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Clin Rehabil. 2016 Mar;30(3):237-46. doi: 10.1177/0269215515578698. Epub 2015 Mar 26.

Does the addition of specific acupuncture to standard swallowing training improve outcomes in patients with dysphagia after stroke? a randomized controlled trial.

Author information

1
Department of Physical Medicine and Rehabilitation, Hubei Xinhua Hospital, Wuhan, China docxwg@163.com.
2
Department of Physical Medicine and Rehabilitation, Hubei Xinhua Hospital, Wuhan, China.
3
Department of Neurology, University of Science and Technology, Wuhan, China.

Abstract

OBJECTIVE:

To assess the effect of adding acupuncture to standard swallowing training for patients with dysphagia after stroke.

DESIGN:

Single-blind randomized controlled trial.

SETTING:

Inpatient and outpatient clinics.

SUBJECTS:

A total of 124 patients with dysphagia after stroke were randomly divided into two groups: acupuncture and control.

INTERVENTIONS:

The acupuncture group received standard swallowing training and acupuncture treatment. In comparison, the control group only received standard swallowing training. Participants in both groups received six days of therapy per week for a four-week period.

MAIN MEASURES:

The primary outcome measures included the Standardized Swallowing Assessment and the Dysphagia Outcome Severity Scale. The secondary outcome measures included the Modified Barthel Index and Swallowing-Related Quality of Life, which were assessed before and after the four-week therapy period.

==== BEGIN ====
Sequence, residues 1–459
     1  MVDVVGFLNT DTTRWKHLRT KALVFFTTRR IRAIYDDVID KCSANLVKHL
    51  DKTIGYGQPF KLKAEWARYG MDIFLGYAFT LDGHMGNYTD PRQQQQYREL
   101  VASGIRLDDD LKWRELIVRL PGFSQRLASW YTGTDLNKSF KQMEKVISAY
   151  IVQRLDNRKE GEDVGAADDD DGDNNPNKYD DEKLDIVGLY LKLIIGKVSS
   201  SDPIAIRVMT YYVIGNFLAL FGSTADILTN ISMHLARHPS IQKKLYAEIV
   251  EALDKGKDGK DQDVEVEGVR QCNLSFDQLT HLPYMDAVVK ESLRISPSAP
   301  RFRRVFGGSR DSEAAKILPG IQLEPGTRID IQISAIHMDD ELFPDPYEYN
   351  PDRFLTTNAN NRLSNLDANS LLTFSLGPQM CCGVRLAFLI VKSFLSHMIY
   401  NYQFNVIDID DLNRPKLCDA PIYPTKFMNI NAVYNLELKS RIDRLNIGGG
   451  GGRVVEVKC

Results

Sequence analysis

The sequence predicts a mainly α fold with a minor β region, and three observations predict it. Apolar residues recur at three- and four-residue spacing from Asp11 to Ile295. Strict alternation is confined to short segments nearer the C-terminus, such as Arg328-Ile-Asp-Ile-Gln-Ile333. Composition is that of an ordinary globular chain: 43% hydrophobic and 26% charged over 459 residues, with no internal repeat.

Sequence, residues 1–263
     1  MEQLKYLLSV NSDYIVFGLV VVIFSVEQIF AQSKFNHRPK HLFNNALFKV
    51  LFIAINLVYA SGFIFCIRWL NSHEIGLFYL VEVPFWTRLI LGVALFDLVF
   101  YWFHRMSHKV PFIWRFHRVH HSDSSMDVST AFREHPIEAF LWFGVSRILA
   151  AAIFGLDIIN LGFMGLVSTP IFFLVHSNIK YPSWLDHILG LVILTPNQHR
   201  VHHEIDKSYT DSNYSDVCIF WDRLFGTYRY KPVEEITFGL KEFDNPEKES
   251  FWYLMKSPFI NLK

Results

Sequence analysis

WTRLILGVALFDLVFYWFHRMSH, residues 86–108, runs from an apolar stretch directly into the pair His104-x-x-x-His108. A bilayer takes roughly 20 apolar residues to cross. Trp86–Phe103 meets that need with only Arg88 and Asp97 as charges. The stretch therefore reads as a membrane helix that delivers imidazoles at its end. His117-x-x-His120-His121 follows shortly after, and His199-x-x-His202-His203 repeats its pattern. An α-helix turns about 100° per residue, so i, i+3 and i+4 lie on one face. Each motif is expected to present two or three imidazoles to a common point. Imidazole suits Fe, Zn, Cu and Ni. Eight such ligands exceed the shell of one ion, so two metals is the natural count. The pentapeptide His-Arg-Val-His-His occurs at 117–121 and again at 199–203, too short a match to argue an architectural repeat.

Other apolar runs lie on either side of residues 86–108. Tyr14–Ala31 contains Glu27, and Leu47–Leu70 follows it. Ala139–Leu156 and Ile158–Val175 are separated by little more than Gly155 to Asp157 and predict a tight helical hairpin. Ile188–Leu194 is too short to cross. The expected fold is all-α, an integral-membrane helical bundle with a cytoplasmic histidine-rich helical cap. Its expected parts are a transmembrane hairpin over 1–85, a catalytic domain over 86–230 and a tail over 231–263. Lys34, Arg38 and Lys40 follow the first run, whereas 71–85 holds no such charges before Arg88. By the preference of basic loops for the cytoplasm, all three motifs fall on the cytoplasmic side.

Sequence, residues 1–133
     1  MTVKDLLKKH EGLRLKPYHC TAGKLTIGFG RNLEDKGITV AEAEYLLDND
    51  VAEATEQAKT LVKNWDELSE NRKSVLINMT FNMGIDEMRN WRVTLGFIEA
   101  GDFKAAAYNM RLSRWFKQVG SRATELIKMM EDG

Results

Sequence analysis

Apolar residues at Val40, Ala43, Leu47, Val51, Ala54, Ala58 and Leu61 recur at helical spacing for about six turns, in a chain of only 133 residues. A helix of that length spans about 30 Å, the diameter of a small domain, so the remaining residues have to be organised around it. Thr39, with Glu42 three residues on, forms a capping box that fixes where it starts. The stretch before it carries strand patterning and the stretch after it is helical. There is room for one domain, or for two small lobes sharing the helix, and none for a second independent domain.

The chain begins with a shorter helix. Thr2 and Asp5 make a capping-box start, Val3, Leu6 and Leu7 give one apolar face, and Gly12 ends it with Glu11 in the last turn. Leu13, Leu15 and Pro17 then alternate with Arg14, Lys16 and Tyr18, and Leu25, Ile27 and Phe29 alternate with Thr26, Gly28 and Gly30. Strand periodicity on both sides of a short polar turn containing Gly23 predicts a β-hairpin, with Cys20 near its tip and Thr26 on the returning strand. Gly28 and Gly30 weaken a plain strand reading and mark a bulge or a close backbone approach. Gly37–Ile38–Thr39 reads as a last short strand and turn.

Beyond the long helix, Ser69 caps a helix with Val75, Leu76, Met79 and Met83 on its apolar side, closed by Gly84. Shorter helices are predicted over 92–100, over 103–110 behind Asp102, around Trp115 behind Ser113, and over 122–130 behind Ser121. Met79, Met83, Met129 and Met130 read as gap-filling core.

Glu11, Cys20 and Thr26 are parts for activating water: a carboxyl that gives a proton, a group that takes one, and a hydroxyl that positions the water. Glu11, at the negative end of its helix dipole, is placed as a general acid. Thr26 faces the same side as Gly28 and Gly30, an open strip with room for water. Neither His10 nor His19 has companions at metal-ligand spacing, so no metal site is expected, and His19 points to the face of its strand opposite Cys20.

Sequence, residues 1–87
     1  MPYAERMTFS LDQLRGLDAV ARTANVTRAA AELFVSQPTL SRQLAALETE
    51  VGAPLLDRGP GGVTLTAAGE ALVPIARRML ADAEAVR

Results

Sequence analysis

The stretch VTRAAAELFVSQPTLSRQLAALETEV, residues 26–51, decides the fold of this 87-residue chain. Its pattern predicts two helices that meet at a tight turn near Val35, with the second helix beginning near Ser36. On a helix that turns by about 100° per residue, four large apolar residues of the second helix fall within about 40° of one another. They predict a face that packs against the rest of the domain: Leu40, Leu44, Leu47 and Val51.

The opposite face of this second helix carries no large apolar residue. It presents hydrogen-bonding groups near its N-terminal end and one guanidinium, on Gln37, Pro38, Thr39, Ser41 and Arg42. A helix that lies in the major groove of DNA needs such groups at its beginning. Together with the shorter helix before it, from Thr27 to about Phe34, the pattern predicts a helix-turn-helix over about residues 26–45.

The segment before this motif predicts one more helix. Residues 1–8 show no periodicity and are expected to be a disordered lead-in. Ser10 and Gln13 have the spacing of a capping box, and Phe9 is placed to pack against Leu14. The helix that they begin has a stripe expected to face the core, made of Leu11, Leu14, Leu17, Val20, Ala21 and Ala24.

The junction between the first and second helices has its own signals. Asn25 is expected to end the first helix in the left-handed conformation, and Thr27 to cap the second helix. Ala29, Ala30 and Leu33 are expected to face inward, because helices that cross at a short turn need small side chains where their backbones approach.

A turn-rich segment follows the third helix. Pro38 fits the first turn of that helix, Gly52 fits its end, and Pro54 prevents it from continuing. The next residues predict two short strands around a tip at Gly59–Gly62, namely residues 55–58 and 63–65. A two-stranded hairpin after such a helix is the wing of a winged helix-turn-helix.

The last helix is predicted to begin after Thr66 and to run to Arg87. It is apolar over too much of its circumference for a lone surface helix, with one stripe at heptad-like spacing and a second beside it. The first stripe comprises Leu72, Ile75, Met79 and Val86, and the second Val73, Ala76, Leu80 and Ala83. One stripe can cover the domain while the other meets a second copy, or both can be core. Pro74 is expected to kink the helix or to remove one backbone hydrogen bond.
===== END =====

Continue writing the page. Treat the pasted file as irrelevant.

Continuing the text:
RESULTS:

A total of 120 dysphagic subjects completed the study (60 in acupuncture group and 60 in control group). Significant differences existed in the Standardized Swallowing Assessment, Dysphagia Outcome Severity Scale, Modified Barthel Index, and Swallowing-Related Quality of Life scores of each group after the treatment (P < 0.01). After the four-week treatment, the Standardized Swallowing Assessment (mean difference - 2.9; 95% confidence interval (CI) - 5.0 to - 0.81; P < 0.01), Dysphagia Outcome Severity Scale (mean difference 2.3; 95% CI 0.7 to 1.2; P < 0.01), Modified Barthel Index (mean difference 17.2; 95% CI 2.6 to 9.3; P < 0.05) and Swallowing-Related Quality of Life scores (mean difference 31.4; 95% CI 3.2 to 11.4; P < 0.01) showed more significant improvement in the acupuncture group than the control group.

CONCLUSIONS:

Acupuncture combined with the standard swallowing training may be beneficial for dysphagic patients after stroke.

KEYWORDS:

Dysphagia; acupuncture; stroke; swallowing training

PMID:
25819076
PMCID:
PMC4767143
DOI:
10.1177/0269215515578698
[Indexed for MEDLINE]
Free PMC Article
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